Oncotarget

Research Papers:

CFTR is a potential marker for nasopharyngeal carcinoma prognosis and metastasis

Ziwei Tu, Qu Chen, Jie Ting Zhang, Xiaohua Jiang, Yunfei Xia and Hsiao Chang Chan _

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Oncotarget. 2016; 7:76955-76965. https://doi.org/10.18632/oncotarget.12762

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Abstract

Ziwei Tu1,6, Qu Chen1, Jie Ting Zhang3, Xiaohua Jiang3,4, Yunfei Xia1,2, Hsiao Chang Chan3,4,5

1Department of Radiation Oncology, Sun Yat-sen University, Cancer Center, Guangzhou, Guangdong, China

2State Key Laboratory of Oncology in Southern China, Sun Yat-sen University, Guangzhou, Guangdong, China

3Epithelial Cell Biology Research Center, Key Laboratory for Regenerative Medicine of the Ministry of Education of China, School of Biomedical Sciences, Faculty of Medicine, The Chinese University of Hong Kong, Hong Kong SAR, PR China

4School of Biomedical Sciences Core Laboratory, Shenzhen Research Institute, The Chinese University of Hong Kong, Shenzhen, PR China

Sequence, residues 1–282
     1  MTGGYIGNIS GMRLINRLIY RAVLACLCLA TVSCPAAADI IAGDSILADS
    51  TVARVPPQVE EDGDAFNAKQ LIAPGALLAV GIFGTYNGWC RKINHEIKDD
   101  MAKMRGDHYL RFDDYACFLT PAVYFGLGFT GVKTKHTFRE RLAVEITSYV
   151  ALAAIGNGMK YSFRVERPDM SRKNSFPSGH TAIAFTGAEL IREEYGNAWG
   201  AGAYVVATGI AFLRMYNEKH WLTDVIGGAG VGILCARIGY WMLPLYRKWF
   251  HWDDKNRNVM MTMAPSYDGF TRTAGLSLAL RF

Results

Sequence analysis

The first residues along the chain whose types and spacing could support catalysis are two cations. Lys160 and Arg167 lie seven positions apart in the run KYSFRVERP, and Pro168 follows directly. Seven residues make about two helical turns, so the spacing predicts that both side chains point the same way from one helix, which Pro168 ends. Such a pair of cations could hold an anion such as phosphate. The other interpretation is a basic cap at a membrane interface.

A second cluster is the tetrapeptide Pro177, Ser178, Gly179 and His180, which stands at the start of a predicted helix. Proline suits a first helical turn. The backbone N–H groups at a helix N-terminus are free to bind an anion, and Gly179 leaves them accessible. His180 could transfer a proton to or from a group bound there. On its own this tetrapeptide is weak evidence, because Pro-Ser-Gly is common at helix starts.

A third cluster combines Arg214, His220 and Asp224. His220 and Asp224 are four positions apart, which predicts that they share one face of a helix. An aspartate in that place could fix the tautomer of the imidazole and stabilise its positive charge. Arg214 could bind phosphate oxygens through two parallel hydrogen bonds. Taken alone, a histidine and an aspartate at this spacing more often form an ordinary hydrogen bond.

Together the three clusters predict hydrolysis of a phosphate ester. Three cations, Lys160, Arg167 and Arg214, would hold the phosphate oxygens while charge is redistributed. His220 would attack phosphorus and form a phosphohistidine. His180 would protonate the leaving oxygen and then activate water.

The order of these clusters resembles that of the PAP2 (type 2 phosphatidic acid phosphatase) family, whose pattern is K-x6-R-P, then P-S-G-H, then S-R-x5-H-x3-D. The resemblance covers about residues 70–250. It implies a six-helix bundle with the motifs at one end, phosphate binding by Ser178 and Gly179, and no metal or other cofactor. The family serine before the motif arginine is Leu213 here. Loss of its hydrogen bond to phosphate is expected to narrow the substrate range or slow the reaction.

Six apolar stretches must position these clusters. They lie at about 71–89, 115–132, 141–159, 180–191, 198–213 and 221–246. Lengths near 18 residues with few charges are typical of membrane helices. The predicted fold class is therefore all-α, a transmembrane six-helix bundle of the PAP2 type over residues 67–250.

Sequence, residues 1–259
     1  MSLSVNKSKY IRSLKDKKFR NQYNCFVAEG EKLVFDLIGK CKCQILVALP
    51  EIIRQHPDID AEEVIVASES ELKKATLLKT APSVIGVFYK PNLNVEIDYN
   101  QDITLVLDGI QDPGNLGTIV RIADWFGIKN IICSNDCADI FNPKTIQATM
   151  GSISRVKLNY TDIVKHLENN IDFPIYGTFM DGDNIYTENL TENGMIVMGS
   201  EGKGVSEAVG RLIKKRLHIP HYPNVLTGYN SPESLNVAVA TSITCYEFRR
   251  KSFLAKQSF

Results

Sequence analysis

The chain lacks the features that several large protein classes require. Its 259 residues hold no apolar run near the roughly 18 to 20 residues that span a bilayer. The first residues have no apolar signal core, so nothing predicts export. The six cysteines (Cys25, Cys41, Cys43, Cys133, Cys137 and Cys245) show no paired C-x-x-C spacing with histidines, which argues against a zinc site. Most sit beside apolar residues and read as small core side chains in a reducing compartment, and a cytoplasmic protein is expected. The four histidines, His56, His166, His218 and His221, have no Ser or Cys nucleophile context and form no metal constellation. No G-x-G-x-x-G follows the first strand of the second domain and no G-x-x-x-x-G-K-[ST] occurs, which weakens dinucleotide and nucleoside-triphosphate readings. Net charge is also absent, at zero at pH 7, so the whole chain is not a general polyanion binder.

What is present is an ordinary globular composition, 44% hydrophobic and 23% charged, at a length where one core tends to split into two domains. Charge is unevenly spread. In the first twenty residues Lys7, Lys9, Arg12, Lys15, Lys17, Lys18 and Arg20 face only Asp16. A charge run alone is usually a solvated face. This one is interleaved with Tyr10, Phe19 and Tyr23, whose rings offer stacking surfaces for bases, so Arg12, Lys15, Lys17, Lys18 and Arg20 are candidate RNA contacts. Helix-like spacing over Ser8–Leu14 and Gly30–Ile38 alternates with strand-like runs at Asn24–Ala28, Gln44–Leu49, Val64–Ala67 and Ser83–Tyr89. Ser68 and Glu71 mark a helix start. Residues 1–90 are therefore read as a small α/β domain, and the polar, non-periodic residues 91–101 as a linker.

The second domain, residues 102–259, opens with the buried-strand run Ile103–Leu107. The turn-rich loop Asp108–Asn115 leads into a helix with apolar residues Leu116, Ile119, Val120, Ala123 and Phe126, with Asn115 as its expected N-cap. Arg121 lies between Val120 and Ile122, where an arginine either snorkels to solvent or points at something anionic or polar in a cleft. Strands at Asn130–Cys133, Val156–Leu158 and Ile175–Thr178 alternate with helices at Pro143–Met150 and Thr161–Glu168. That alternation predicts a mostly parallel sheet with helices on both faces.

5Sichuan University-The Chinese University of Hong Kong Joint Laboratory for Reproductive Medicine, West China Second University Hospital, Chengdu, PR China

6Department of Radiation Oncology, Jiangxi Cancer Hospital, Nanchang, Jiangxi, China

Correspondence to:

Xia Yunfei, email: [email protected]

Jiang Xiaohua, email: [email protected]

Hsiao Chang Chan, email: [email protected]

Keywords: CFTR, nasopharyngeal carcinoma, prognosis, metastasis

Received: May 26, 2016     Accepted: October 14, 2016     Published: October 19, 2016

ABSTRACT

While there is an increasing interest in the correlation of cystic fibrosis transmembrane conductance regulator (CFTR) and cancer incidence, the role of CFTR in nasopharyngeal carcinoma (NPC) development remains unknown. In this study, we aimed to explore the prognostic value of CFTR in NPC patients. The expression of CFTR was determined in NPC cell lines and tissues. Statistical analysis was utilized to evaluate the correlation between CFTR expression levels and clinicopathological characteristics and prognosis in 225 cases of NPC patients. The results showed that CFTR was down-regulated in NPC tissues and cell lines. Low expression of CFTR was correlated with advanced stage (p = 0.026), distant metastasis (p < 0.001) and poor prognosis (p < 0.01). Multivariate analysis identified CFTR as an independent prognostic factor (p = 0.003). Additionally, wound healing and transwell assays revealed that overexpression of CFTR inhibited NPC cell migration and invasion, whereas knockdown of CFTR promoted cell migration and invasion. Thus, the current study indicates that CFTR, as demonstrated to play an important role in tumor migration and invasion, may be used as a potential prognostic indicator in NPC.


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